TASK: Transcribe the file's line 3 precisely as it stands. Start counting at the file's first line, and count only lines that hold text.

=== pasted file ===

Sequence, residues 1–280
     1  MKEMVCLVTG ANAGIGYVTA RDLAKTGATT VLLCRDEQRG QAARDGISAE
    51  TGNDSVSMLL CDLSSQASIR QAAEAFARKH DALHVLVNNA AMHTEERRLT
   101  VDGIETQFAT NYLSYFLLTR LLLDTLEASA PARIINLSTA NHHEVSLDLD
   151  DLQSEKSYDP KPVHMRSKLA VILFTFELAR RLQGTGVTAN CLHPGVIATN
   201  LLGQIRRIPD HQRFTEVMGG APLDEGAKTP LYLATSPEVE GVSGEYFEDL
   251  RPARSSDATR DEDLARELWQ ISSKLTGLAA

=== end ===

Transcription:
    51  TGNDSVSMLL CDLSSQASIR QAAEAFARKH DALHVLVNNA AMHTEERRLT